Discussion

      This case of isolated congenital iris stromal defect can be explained by understanding the relationship between intraocular fluid dynamics and the structure of the iris. Forward flow of aqueous from the posterior chamber to the anterior chamber is driven by a pressure gradient across the pupil, with pupillary diameter being a main factor affecting the magnitude of this gradient.
      • Silver DM
      • Quigley HA.
      Aqueous flow through the iris-lens channel: estimates of differential pressure between the anterior and posterior chambers.
      As the pupil constricts, the iris is in greater apposition to the lens, increasing this pressure gradient. Conversely, a dilated pupil results in a decreased pressure gradient across the chambers.
      • Silver DM
      • Quigley HA.
      Aqueous flow through the iris-lens channel: estimates of differential pressure between the anterior and posterior chambers.
      In the present case, the absence of stroma in the abnormal portion of the iris resulted in a thin and floppy structure that was easily distended by physiologic pressure gradients. When the pupil was small, the relatively high physiologic pressure gradient behind the iris led to a forward bowing of the posterior pigmented epithelium. The physics of this is analogous to that of a sail in the wind. When the pressure generated on the posterior surface of the sail is greater than that of the anterior surface, the sail bows forward. When the pupil dilated and the pressure gradient decreased, the posterior pigmented epithelium resumed a flaccid position and the apparent “mass lesion” disappeared. This is analogous to when there is no wind in a sail, hence, the sailing iris!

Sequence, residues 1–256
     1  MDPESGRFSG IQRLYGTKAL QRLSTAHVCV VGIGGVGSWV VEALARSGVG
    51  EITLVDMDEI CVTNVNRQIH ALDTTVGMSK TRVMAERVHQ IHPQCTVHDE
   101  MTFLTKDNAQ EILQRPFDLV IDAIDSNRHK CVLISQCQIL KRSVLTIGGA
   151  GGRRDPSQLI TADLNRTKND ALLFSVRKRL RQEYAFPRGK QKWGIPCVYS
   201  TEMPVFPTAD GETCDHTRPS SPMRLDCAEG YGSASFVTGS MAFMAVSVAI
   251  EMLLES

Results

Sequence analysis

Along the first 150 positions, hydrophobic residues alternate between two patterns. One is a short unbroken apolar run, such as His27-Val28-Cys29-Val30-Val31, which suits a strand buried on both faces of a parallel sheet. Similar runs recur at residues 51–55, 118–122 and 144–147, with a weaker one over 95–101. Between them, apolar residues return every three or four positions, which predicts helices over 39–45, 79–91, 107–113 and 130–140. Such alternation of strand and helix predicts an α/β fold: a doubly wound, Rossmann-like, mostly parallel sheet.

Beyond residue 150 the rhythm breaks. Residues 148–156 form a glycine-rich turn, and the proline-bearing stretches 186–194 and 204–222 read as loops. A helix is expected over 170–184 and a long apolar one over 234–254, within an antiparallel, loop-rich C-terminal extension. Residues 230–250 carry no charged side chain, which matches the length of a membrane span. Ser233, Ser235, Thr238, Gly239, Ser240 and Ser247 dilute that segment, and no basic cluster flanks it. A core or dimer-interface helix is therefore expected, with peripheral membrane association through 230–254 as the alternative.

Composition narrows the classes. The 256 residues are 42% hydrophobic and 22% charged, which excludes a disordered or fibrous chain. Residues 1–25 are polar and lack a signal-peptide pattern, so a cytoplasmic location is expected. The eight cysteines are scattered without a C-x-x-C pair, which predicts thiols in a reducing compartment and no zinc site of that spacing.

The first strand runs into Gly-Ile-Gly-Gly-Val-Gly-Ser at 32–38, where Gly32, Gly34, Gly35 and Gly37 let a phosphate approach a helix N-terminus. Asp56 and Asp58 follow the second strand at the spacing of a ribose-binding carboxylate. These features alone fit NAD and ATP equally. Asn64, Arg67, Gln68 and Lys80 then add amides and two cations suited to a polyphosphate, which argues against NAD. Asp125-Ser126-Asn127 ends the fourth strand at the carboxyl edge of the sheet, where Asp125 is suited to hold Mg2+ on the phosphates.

Other congenital iris defects are described in the literature including colobomas, aniridia, Axenfeld-Rieger, and Irido-corneo-endothelial syndromes.
      • Morrison PJ.
      The iris - a window into the genetics of common and rare eye diseases.
      These defects do not result in the same “sailing iris” effect, as no pressure gradient is created due to either full thickness iris defects or a lack of pupillary contact with the lens. In contrast, the consequences of pressure gradients between anterior and posterior of the iris are observed in the elderly. With the development of cataract, the lens thickens and pushes forward against the pupil. This creates a pressure gradient that bows the entire peripheral iris forward, even in the presence of normal iris stroma, leading to acute angle closure glaucoma in predisposed eyes with shallow iridocorneal angles.
      • Tarongoy P
      • Ho CL
      • Walton DS.
      Angle-closure glaucoma: the role of the lens in the pathogenesis, prevention, and treatment.
      In the present case, the local bowing of the iris has not led to any angle closure or pressure rises over a 7-year follow-up. This case demonstrates that detailed examination, under anesthesia as required, including imaging modalities are essential to assessment of pigmentary iris lesions.

      Footnotes and Disclosure

      The authors have no proprietary or commercial interest in any materials discussed in this article.

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        Review of cystic and solid tumors of the iris.